The world-wide youth rebellion in 1968 was all about primary gains. Insisting on making them can get you killed and leads to death, of movements and individuals. Forty years later we huddle over a little pile of poetry, brimming with the truth. A gain? Of what dimension, what kind? I gave a speech and a poetry reading in Gwuangju, Korea in 2006, the subject matter among other things was Henry David Thoreau's Civil Disobedience, a book I sold a lot of copies of to the young who frequented The Temple Bookstore. I sold it with the caveat, be careful with this volatile material. If you take it seriously it can get you killed. It got Gandhi killed, it got Martin Luther King Jr. killed. Thoreau wrote the book and went to jail on principle, objecting when Emerson bailed him out. Primary gains; how to get them.
Bringing levy's work back into print for second innings is a good sign. Can the lovers of levy's work get it all the way across into the general culture? And what will it take to achieve that? And what will it mean if we do? Is the work doing it by itself, with a little help from its friends? Shall we insist? Which parts of levy's career and behavior are worth emulating? I can think of three other friends, Chris Boyd of Freddie's Feed and Read, the poets Bruce Embree and Scott Preston, all suicides. Death just stops the output, it doesn't improve it a single iota. Emulate the commitment; eschew the romance of suicide.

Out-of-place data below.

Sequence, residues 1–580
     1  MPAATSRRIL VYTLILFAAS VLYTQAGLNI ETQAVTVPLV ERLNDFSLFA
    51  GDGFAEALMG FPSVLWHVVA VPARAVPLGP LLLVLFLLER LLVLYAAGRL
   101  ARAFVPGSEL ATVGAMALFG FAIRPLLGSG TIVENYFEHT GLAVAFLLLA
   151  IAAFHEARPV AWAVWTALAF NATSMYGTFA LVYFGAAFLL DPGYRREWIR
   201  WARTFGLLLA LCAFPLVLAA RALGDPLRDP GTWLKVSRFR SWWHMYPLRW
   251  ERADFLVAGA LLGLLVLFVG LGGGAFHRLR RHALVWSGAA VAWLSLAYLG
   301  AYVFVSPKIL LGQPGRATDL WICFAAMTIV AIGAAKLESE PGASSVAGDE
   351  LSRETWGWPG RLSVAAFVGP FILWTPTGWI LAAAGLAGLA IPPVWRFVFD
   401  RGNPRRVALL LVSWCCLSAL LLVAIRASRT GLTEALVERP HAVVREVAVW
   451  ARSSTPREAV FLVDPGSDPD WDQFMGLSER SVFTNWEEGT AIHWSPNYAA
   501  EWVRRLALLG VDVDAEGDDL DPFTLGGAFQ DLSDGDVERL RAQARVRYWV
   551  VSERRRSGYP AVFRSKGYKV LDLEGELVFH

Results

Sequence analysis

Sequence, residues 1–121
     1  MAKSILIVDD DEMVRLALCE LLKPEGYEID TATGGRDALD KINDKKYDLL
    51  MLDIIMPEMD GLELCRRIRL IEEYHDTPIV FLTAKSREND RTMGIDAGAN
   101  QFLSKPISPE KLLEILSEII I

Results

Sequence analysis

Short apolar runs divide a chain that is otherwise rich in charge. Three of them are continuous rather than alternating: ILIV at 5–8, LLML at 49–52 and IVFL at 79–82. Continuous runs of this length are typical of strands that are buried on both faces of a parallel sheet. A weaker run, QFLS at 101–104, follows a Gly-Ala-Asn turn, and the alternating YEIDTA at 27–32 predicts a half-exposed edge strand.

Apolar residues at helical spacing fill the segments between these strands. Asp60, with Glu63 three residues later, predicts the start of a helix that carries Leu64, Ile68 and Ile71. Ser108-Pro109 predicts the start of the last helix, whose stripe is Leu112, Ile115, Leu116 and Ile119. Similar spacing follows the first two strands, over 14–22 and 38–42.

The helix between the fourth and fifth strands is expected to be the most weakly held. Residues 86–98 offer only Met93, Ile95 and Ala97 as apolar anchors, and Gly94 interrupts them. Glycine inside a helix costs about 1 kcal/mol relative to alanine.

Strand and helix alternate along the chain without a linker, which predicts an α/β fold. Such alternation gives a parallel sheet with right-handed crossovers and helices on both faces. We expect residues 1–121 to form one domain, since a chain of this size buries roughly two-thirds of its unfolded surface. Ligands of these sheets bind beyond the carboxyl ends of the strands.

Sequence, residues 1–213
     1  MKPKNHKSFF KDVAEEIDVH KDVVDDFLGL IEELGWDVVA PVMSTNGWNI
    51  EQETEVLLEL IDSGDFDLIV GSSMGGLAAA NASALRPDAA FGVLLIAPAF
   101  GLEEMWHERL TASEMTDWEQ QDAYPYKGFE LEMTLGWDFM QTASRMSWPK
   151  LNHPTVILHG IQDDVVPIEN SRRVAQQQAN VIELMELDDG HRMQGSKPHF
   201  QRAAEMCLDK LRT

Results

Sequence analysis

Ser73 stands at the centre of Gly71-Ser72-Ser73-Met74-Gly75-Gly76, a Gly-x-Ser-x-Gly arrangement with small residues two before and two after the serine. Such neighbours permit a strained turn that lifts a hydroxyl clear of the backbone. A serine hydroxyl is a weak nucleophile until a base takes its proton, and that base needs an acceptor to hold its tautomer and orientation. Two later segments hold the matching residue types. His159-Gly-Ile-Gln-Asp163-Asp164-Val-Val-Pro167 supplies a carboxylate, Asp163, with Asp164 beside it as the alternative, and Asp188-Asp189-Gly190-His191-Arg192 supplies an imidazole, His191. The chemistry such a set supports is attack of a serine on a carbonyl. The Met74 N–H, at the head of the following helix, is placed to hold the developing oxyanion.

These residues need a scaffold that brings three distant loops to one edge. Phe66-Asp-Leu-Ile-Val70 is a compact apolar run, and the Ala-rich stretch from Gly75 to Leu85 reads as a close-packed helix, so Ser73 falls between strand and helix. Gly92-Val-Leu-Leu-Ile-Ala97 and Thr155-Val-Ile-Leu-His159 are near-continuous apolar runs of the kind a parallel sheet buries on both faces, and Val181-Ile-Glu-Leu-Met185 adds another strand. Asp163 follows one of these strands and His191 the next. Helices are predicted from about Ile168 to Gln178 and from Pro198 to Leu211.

"We always have the past to look forward to," says the artist Robert McNealy. Vincent Ferrini, the city poet of Gloucester, Massachusetts, made an impassioned plea at the first Walla Walla Poetry Party in 1990, to reinforce our relevance and our service, to pick a city, or a neighborhood, and become the voice of that place. Did levy pick Cleveland or did Cleveland pick levy? My ultimate unease with levy must be related to his lack of the gene to lighten up. Having and keeping all four things in place at all times and in all instances, "Insisted publicly on forcing primary gains," seems like a recipe for disaster. We need a compliment of editors to salvage something durable from the work and separate it from the disaster of his unnecessary suicide. I keep running on to scintillating insights, "I have a city to cover with lines" but the famous "public" won't take the time to conduct a scavenger hunt. A great favor will be done to levy's reputation which ultimately will rest on only the very best when it is sorted from the rest and put before its potential readers where its unmistakable power and beauty will be irrefutable.